Flood Control District #10 reviews major developments along the Boise River and recommends measures to limit flood damage and ensure continued access to the river. The Board's resolution and Land Use Change Application can be found here.
The District removes trees and debris using protocols that have been approved by the Army Corps of Engineers and the Idaho Department of Water Resources. You can see these protocols at (/river-maintenance-protocol.html ). Generally, the District only removes trees that have already fallen in the river or are about to fall in the channel. If a tree is leaning and ready to fall, the District often cuts the trunk 2 to 3 feet above the ground and leaves the root in place to help keep the bank stable.The District removes trees and debris using protocols that have been approved by the Army Corps of Engineers and the Idaho Department of Water Resources. You can see these protocols at (/river-maintenance-protocol.html ). Generally, the District only removes trees that have already fallen in the river or are about to fall in the channel. If a tree is leaning and ready to fall, the District often cuts the trunk 2 to 3 feet above the ground and leaves the root in place to help keep the bank stable.
Excavators in the river remove accumulations of woody debris that can get caught up on bridges and other channel obstructions during a high flow event and cause localized flooding. For example, the University of Idaho modeled what would happen if flows are blocked under Glenwood Bridge. At 20% blockage during a 100-year flood, the model predicts extensive flooding on both sides of the river upstream of the Bridge. Once an obstruction causes the water to overtop the banks, it’s difficult to predict where the flood water will go. Removing woody debris from the channel reduces the risk of unanticipated flooding along the river.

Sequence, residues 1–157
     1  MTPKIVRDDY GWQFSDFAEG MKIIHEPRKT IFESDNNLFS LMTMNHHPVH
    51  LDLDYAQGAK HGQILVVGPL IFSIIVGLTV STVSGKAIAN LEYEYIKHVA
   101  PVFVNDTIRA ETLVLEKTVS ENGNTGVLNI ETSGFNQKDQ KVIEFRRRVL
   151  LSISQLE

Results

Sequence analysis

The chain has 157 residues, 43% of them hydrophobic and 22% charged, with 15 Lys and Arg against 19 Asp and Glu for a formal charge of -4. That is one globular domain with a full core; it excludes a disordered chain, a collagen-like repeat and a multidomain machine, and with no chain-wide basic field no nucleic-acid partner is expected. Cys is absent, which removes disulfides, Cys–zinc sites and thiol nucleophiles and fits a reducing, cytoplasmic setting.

From time to time, the District works with highway districts to remove gravel at key locations where accumulated gravel can alter river flow and present a significant risk during a flood. Accumulated gravel is removed from the channel and used by the highway districts for construction projects, which in turn, saves taxpayer money.
The Boise River is a working river - there are many demands placed on the river every day. Perhaps, if the Boise River was truly a natural river, channel maintenance would not be needed, but the River is far from natural. We have a long history of development along the banks. Constructing irrigation dams and diversions, bridges and other important infrastructure, and more recently homes and businesses, all place property and people at risk during high water.
Flood Control District #10 maintains the Boise River channel to reduce the risk of flood damage to property and people located along the river. Idaho law charges the District with protecting and promoting the health, safety and general welfare of the people of Idaho. The District hires contractors to remove accumulated debris, and stabilize eroding banks, helping to prevent or reduce damage to property or public infrastructure.